Complete Guide to Soapmaking | Soapmaking Hobby Guide

As an Amazon affiliate, we earn from qualifying purchases. I get commissions for purchases made through links in this post.

Have you ever tried soapmaking before? This hobby is a delight for the senses, what with the various fragrances, mica powders, and skin-loving, natural ingredients involved.

It can be a lovely source of aromatherapy and relaxation. It's also quite practical – after all, who doesn't have a use for a fancy, homemade soap bar?

Why Make Your Own Soap?

For the Fun of It

First off, making soap is fun! It's a tactile activity that really engages the attention; enjoy the wafting scents and silky texture as you stir.

It's also super-satisfying to end up with your own, custom soap bar.

It’s Practical

When it comes to hygiene, soap is obviously a staple. Having a consistent supply of quality soap can do wonders for your skin and encourage your kids to wash their hands - with a soap they proudly made on their own.

The best homemade soap bars, crafted with natural ingredients, can be used in soap dishes as well as in the shower.

For Gift-Giving

While it can be immensely enjoyable, soapmaking takes time and care. As gifts, this can make them all the more meaningful and even sought-after.

You can't find homemade soap just anywhere, and it's unlikely to be as well-crafted in stores as it is when it's lovingly in your home (and people know this).

Complete Guide to Soapmaking

For Aromatherapy

Arguably the best part of soap-making is the smell. When you make soap at home, it will smell heavenly, and the colorful concoction you're stirring will look like nothing so much as a magical brew.

In fact, you can use extra pleasant and natural fragrances in your soap in order to indulge in some healthy and relaxing aromatherapy.

Enjoy the heady scents of wild apples, lavender, oatmeal and honey, fresh-picked rose... whatever suits your fancy.

And of course, enjoy them again each time you use your luxurious soap bar.

As a Family Bonding Activity

It may come as a surprise to you, since kids really don't seem to be big fans of baths, but kids really seem to enjoy making soap.

The colors and smells can appeal to young ones greatly, as can taking part in what seems to be a very important activity.

After all, they're making useful, quality soap bars to use themselves (hurray), gift, and show off.

To Sell

Once you’ve made a few practice batches, you may have soap good enough to sell. What’s more, there’s a definite market for homemade soap. You’ve just got to stand out, both in quality, and creativity.

Think of some unique, intriguing soap names, looks, and fragrances, or attempt some cool twists on classics (mint-and-chocolate scented ‘asphalt pie,’ rather than just your basic ‘peach pie,’ for example).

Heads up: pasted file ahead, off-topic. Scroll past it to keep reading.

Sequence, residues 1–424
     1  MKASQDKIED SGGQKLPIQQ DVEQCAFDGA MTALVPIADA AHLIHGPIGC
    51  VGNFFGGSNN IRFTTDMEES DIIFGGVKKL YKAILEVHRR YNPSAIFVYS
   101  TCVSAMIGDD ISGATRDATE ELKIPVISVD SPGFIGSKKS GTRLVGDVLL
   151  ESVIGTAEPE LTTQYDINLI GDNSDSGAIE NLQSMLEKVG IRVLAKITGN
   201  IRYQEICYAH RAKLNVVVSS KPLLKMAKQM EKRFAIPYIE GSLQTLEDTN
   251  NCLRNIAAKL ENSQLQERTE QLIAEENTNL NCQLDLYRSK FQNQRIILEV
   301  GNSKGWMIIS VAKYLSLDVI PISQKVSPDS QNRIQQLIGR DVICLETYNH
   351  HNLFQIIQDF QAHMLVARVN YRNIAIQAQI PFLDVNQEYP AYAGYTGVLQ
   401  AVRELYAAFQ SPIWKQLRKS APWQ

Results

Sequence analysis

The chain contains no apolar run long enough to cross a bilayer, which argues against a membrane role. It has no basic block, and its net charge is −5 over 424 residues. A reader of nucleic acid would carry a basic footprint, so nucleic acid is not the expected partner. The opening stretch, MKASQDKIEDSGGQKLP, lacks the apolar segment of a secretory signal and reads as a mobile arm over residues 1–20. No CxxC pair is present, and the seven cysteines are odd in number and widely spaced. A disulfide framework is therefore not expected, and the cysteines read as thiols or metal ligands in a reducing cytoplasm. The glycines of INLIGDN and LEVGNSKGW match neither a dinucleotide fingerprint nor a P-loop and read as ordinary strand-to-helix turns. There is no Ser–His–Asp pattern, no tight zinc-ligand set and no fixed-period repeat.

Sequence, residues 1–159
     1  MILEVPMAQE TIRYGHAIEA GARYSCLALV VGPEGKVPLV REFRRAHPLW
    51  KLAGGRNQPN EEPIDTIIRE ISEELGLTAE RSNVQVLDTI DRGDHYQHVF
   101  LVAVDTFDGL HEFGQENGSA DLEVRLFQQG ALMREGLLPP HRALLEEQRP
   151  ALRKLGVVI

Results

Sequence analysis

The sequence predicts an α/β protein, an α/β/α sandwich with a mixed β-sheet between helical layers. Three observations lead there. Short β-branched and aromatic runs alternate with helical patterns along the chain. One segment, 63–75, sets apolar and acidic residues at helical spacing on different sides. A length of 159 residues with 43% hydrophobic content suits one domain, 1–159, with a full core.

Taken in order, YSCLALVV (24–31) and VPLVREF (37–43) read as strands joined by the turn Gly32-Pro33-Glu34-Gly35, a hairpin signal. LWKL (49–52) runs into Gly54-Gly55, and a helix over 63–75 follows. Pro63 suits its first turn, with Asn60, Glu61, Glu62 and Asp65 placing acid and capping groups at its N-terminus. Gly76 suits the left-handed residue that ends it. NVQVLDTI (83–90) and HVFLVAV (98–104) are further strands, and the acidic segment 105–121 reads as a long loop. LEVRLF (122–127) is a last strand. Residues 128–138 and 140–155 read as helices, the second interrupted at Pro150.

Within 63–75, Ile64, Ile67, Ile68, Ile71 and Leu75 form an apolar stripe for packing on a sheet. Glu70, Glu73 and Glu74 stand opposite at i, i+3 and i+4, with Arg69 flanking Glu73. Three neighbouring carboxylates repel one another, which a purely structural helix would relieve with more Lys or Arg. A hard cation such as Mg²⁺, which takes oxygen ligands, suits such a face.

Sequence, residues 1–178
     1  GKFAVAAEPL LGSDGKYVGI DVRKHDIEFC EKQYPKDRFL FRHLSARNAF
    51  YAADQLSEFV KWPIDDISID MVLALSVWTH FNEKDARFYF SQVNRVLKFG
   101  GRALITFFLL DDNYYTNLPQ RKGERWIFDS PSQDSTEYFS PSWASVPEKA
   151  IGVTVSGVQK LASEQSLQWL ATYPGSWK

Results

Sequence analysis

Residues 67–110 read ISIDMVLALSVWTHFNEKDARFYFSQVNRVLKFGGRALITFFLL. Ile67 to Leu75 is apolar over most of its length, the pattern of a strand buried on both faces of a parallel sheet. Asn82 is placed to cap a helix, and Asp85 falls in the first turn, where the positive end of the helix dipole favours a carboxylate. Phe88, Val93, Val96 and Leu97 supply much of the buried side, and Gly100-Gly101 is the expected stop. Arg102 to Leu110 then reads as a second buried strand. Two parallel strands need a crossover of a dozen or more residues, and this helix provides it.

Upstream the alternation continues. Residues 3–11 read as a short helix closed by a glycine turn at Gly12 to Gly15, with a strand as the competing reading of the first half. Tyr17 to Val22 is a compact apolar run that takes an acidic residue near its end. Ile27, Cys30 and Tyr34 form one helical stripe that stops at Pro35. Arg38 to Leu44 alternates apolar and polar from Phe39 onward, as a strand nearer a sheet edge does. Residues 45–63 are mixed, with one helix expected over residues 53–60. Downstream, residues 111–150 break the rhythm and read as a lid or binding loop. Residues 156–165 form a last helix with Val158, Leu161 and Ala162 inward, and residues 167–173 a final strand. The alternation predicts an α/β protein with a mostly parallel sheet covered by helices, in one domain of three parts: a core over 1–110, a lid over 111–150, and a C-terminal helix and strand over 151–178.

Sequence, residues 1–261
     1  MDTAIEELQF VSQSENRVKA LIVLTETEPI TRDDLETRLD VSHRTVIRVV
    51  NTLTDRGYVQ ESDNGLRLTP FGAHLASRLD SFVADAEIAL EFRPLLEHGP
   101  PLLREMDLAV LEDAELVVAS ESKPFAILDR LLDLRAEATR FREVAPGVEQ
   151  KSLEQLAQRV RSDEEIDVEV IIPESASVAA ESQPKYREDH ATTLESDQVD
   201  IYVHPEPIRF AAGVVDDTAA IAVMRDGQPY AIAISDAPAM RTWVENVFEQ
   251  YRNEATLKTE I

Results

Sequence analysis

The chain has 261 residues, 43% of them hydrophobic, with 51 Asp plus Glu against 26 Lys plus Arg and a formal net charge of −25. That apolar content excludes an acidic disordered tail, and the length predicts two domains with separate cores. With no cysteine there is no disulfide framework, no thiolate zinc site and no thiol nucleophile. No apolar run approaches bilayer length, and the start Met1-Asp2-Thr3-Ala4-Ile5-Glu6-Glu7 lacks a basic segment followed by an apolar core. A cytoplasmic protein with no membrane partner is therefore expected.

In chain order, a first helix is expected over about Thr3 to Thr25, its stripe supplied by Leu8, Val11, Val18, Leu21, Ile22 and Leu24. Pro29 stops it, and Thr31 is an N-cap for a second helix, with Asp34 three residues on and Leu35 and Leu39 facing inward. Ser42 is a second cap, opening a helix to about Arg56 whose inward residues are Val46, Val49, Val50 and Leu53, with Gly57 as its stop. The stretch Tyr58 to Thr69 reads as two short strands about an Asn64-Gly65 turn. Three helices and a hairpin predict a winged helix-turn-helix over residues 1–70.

The best place to sell soap is online, through platforms that support local shops, like Esty or eBay!

What Kinds of Soapmaking Are There?

There are two primary types of soapmaking: soap that's made from scratch, and melt-and-pour soap.

Both types can be of much higher quality than what you'd buy at the store since you can ensure the ingredients and fragrances are always gentle and skin friendly.

Some even go as far as to include some truly high-end ingredients, such as goat milk!

What Ingredients Do You Need to Get Started?

That depends, are you making soap from scratch, or opting for melt-and-pour?

Guide to Soapmaking as a Hobby

Soap Made from Scratch

Soap Molds

If you’re a beginner at soapmaking, you’ll probably want to start with a 1 to 2-foot long, horizontal soap mold. You can cut soap bars out individually from this ‘soap loaf.’

There are also leaf-shaped molds, animals, circle-shapes, heart-shapes… you name, and you can probably find a soap mold for it somewhere. This gives you room for endless creativity!

Natural Moisturizers

From scratch, soap should be largely made up of ultra-skin-nourishing moisturizers, including shea butter, humanely sourced palm oil, almond oil, avocado oil, and beeswax.

Shea butter is rich in fatty acids and has anti-inflammatory properties to soothe the skin. Almond oil is not only moisturizing but also antibacterial. Beeswax will hydrate the skin by acting as a natural humectant, which means it literally attracts water to your skin, as well as by creating a protective layer.

When you use soap made from ingredients like this, you’ll be infusing your skin with moisture and nutrients, even as the soap cleanses germs and grime away!

Lye

You will need to use great caution with this ingredient. Lye is extremely toxic and acts as an acid on some surfaces, including the skin. Because it eats into things, it is also exceedingly hard to clean off.

When using lye, you will need to wear gloves and a mask, and a heat-proof container, and a heat-proof spoon or whisk with which to stir.

Since lye is almost always used in soap made from scratch, the finished bars will need a couple of weeks to cure.

Then, they're perfectly safe to use even on sensitive areas like the face - yet they will get rid of harmful bacteria like no other.

Fragrances

A fragrance can make or break a soap bar. An unpleasant and abrasive scent is hardly appealing, is it?

The best soap makers pick their fragrances with care, with attention to the season, whether or not holidays are coming up, the rating and reviews of potential scents, natural and quality ingredients, that sort of thing.

You should also know that fragrances containing certain ingredients can affect your soap’s texture and color. For example, fragrances containing vanilla may turn white soap tan or brown and cause it to thicken faster.

Colors

You can color your soap with a variety of mediums, but the best are powder pigments or mica powder. These are nice and fine and will mix with a smooth and even color.

There are pigments and powders in just about every shade of the rainbow, and mica powders shimmer!

Toppings and Decor

Once your soap has been poured into molds, you can quickly pop on some fun toppings and decorations before it begins to harden. Some common toppings are cinnamon-stick straws, oatmeal, leftover soap drizzled like frosting, cherries made of soap, and dried lavender.